For an interesting discussion (especially in the comments section) on whether a law is moral because the government creates the law, see this entry on my personal blog.

Hello. I am a Singaporean

Hello. I am a Singaporean and when I saw this article, I thought I would just comment upon it. Do take note that my views are not necessarily reflective of my nation.

Well, you can look at it from a few points of views. I would offer up the more practical first.

We must execute him partly because of foreign pressures from Australia. Given their urging and pressures, there would be great difficulty in letting him off since this would lead to us being viewed as subjected to foreign pressures, an entirely unacceptable occurrence. Not only would this erode our sovereignty as an independent nation, but it would also encourage citizens from strong foreign powers to act as drug mules here as they are assured that the might of their nation shall protect them. Therefore, to reduce the argument to the simplest level, we must execute him because of the view of others.

I agree that there are certain rights that are inherent to all man. But I would say that the right to life is not such a right. The right to life shall be void if you undertake action that undermines the inherent rights of others. Therefore, you have the inherent right to life only if you yourself do not undermine the inherent rights of others. Let’s take a simple example. The freedom of movement. If you commit a crime, then this is taken away from you, yes? Moreover, there is capital punishment elsewhere as well. Accordingly, his attempt to introduces 26 000 doses of drugs to Singaporean, would cause much suffering and foreseeable many deaths from drug overdoes and such.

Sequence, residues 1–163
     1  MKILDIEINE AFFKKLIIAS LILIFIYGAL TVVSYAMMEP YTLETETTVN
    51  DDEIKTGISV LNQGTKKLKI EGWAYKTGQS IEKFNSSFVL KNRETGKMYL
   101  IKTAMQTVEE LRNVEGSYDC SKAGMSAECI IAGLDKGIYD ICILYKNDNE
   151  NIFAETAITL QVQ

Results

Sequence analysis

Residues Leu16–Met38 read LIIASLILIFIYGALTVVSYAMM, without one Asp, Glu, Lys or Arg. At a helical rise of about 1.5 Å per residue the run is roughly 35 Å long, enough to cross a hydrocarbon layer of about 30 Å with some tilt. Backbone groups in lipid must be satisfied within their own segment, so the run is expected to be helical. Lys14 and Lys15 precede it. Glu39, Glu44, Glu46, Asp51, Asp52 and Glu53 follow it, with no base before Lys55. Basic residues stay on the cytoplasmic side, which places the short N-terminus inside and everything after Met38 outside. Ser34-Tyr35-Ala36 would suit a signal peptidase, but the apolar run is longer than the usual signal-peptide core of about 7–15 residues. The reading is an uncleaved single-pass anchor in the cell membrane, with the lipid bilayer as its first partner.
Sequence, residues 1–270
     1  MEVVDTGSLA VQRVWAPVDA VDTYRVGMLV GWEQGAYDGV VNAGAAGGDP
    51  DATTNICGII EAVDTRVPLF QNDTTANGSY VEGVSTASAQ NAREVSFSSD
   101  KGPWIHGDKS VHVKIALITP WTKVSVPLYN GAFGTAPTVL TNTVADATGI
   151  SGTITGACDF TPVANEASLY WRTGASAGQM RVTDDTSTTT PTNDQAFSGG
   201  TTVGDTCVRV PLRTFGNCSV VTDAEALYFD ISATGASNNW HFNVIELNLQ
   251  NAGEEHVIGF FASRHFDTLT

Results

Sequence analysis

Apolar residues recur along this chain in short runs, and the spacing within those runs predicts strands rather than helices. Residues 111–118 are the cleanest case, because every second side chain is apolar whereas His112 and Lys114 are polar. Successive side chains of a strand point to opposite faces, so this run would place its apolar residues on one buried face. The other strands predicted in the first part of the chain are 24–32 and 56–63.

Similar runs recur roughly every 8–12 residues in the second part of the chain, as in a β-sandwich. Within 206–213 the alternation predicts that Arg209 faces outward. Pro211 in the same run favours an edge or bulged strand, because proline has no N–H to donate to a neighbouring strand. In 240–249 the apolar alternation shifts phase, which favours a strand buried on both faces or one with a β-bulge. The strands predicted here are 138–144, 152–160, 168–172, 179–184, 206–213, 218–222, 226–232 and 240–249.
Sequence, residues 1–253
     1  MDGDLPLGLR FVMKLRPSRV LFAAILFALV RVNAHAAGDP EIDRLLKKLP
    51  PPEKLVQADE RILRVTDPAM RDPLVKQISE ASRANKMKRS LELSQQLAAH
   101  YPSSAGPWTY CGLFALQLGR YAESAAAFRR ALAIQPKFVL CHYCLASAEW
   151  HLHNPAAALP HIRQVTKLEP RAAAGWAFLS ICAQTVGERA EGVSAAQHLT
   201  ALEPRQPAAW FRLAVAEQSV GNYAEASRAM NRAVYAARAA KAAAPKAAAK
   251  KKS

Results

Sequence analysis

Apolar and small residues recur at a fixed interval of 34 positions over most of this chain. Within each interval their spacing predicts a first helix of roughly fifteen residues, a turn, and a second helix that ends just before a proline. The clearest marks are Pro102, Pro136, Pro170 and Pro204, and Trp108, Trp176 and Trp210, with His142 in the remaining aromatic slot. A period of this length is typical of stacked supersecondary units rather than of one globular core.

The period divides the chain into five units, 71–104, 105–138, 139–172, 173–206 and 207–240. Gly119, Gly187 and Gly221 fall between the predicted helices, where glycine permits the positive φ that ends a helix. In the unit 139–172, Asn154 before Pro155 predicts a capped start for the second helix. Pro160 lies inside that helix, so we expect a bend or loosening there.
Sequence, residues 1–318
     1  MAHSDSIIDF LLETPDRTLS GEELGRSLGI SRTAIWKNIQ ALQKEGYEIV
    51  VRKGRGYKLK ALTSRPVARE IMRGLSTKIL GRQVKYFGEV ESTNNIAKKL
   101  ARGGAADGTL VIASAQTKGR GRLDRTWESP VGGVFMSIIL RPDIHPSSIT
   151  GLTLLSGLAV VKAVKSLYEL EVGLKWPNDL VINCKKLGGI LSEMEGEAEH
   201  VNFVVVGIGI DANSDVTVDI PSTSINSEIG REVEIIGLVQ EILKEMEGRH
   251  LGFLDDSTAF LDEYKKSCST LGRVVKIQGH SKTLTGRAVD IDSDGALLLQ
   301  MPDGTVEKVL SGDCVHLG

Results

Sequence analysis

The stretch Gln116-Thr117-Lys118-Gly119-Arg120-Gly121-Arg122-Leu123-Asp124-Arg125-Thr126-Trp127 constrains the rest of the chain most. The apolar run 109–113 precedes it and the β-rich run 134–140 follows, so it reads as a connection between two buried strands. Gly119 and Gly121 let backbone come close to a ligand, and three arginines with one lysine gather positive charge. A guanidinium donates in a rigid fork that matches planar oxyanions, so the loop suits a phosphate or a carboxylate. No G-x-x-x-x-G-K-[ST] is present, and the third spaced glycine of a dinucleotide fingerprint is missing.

I would say that it is certainly arrogant of western people to step in and say that you must do what we say because this is what everybody knows is true, our natural rights. So we are wrong.
If you wish to object, then do so on moral, political grounds. Or any other sound basis. Do not come in here and proclaim loudly that it is your natural rights. Let me tell you here and now that it WILL NOT be your natural right here in Singapore.

He knew what he was doing. This was not a case of some drug package being found in his luggage or something. He was carrying it strapped to his chest. Given that he knew the risks, it would be wrong to say that he was an innocent. He knew the risk, he got caught, he got executed. If he couldn’t afford to pay, then dun play.

And yes, there is still a drug problem here of course. As in other nations. But it is truly minimal. Dugs are not openly offered on the streets and it is rather difficult to get access to them. Which is what we want. As for suggestions that we take out foreigners just to make a point, that is not true. We catch many locals as well, including the rich and powerful. There have been local media reports on this.